What is Nano DNA Sequencing?

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BIL495/25
26, April 2011
What is Nano DNA Sequencing?

DNA strand is threaded through a nano-pore and its sequence is identified from fluctuations in ionic current. (9)
Trick is to figure out how to slow the strands movement through the opening so the base pairs A,T,C ,& G can be read. (1)
Example: graduate Brown student attached DNA strand to a bead using an electric field to drive the DNA to the pore. The DNA was too large for the pore, so, the bead was stuck in the hole with the attached DNA strand suspended on the other side of the membrane. Then they used magnets “magnetic tweezers” to draw the iron-oxide bead away from the pore. The bead moves towards the magnets, the DNA strand move through the pore- slowly enough so that the base pairs can be read. (1)
Fabricate devices with pores the scale of individual nucleotides (2)
To investigate a novel single molecule DNA sequencing nanotechnology protocol; gene sequencer, that has potential to sequence a molecule of genomic dimensions in hours without expensive and fault sensitive DNA copying steps and chemical reactions. The gene sequencer is based on the electrical characterization of individual nucleobases, while DNA passes through a nanopore with integrated nanotube side electrodes. (7)
“$1000 per genome” low cost sequencing for the entire human genome by 2014 (8)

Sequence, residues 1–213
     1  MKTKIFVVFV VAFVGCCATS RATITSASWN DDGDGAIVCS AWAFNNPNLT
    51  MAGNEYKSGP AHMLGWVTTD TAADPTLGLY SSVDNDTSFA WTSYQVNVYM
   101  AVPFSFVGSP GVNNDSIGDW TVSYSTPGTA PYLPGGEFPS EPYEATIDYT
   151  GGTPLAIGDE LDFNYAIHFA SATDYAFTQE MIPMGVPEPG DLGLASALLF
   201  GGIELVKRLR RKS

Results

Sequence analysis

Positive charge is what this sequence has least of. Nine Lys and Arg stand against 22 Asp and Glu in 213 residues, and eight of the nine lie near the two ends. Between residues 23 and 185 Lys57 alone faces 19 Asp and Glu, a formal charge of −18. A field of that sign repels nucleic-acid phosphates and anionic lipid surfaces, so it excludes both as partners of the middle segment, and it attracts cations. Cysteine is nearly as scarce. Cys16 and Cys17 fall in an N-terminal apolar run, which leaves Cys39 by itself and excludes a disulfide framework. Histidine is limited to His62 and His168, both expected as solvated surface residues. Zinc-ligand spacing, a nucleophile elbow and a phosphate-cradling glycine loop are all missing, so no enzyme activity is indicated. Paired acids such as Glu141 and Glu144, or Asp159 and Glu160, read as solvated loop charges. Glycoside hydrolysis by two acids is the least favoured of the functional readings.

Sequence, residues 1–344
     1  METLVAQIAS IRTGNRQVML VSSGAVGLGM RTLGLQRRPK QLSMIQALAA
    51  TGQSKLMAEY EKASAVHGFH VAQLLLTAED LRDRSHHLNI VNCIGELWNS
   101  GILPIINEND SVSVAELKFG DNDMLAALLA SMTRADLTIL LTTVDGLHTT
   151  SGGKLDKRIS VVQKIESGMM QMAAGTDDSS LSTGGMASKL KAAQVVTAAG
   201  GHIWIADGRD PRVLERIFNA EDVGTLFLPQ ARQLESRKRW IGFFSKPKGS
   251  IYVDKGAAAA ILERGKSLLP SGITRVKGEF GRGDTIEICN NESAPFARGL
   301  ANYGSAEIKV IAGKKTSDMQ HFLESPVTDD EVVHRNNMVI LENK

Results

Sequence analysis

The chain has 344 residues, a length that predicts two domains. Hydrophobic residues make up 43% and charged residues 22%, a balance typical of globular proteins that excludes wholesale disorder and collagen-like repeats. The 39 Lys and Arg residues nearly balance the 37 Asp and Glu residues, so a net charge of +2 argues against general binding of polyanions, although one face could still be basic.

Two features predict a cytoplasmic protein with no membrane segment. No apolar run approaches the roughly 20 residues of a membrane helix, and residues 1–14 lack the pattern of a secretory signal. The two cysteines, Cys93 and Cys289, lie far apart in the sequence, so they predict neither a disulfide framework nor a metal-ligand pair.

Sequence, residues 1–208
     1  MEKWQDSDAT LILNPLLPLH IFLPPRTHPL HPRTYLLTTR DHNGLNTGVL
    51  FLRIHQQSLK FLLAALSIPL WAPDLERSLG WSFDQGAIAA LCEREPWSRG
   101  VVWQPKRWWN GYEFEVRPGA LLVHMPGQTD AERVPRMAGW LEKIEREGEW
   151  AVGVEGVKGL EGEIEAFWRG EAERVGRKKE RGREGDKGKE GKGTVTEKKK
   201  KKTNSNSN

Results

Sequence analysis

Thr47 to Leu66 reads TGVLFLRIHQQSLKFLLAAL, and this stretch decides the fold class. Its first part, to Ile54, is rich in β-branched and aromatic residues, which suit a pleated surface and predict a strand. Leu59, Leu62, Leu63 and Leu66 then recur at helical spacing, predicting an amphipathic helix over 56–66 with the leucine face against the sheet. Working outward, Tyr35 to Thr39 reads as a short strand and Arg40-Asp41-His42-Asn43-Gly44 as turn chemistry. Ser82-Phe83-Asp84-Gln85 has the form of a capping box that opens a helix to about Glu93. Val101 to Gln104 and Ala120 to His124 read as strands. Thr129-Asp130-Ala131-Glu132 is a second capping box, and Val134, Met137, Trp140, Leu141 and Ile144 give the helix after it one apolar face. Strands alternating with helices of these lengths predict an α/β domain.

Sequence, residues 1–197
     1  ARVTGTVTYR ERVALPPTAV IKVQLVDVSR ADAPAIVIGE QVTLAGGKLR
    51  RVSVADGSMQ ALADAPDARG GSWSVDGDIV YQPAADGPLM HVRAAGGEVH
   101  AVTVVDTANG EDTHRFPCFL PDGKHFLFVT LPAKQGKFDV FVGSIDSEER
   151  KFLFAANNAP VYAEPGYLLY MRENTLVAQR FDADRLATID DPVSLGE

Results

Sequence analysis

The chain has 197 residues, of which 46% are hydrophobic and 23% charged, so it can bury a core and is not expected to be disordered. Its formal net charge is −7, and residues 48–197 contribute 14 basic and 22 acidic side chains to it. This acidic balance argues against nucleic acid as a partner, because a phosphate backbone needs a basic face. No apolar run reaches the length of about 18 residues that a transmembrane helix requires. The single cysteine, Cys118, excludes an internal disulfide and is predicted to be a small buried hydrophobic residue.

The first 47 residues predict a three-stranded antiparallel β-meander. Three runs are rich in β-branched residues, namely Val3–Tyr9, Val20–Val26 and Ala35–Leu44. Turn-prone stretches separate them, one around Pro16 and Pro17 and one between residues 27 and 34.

Cost $3 billion to sequence 3 billion, now less than $100,000 per human genome, future $1000 Genome (6)
First convert the DNA to an expanded, digitized form by systematically substituting each and every base in the DNA sequence with a specific ordered pair of concatenated oligonucleotides. To detect the sequence, nanopores are then used to sequentially unzip the beacons. With each unzipping event a new fluorophore is un-quenched, giving rise to a series of photon flashes in two colors. The unzipping process slows down the translocation of the DNA through the pore in a voltage-dependent manner. allows parallel processing of millions



References: 1) http://www.foresight.org/nanodot/?p=3014 2) http://www.ncbi.nlm.nih.gov/pmc/articles/PMC2556950/ 3) http://www.ncbi.nlm.nih.gov/pmc/articles/PMC1965446/ 4) http://arxiv.org/pdf/cond-mat/0411317 5) http://www.nature.com/nnano/journal/v6/n3/full/nnano.2010.283.html 6) http://www.nature.com/nnano/journal/v5/n4/full/nnano.2010.72.html 7) http://nanodnasequencing.org/ 8) http://www.bu.edu/meller/research.html 9) http://www.ele.uri.edu/courses/ele482/S09/Matt_1.pdf Figure 3

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